Using instructional videos to improve physics education


  • Christoph Kulgemeyer University of Bremen


Instructional videos are widely popular on platforms like YouTube. Students watch them for various purposes, including to prepare for exams, to repeat topics they did not understand, or simply for entertainment. However, there is a lot of evidence from recent studies that just watching an instructional video often fails. If they are not embedded in ongoing cognitive activities and designed poorly, they can even do more harm than good for learning physics. The workshop offers learning opportunities for analyzing the quality of instructional videos and for applying guidelines on how to deal with instructional videos in physics education. The main principle is simple: instructional videos are certainly not teaching – but they could become a part of well-designed instruction if teachers use them cautiously.

Intended Audience: University and Secondary School Educators

Author Biography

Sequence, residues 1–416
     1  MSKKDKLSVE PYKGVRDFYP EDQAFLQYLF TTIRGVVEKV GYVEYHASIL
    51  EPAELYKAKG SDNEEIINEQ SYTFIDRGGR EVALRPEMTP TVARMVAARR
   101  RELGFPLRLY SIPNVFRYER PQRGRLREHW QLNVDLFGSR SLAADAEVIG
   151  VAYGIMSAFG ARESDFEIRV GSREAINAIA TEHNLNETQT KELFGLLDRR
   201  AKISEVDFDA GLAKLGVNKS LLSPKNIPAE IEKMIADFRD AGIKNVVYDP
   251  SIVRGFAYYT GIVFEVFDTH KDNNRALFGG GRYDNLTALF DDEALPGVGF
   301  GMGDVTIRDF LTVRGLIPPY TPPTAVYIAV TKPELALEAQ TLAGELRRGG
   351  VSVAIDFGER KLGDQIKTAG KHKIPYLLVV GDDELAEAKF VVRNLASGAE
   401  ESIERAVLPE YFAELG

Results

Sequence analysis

Christoph Kulgemeyer, University of Bremen

Christoph Kulgemeyer is a full professor of physics education at the University of Bremen, Germany. After obtaining his PhD in  Bremen, he worked as a high school teacher for physics and German language and literature before returning to the University of Bremen as a researcher in physics education. He went to the Universities of Osnabrück and Kassel and rejected several professorships at German universities before joining the University of Paderborn as a full professor in 2020. In 2022 he returned to the University of Bremen as the chair of physics education. He works on physics teachers’ professional knowledge, instructional explanations, and reflection skills. His latest work focuses on how to learn effectively using physics explainer videos.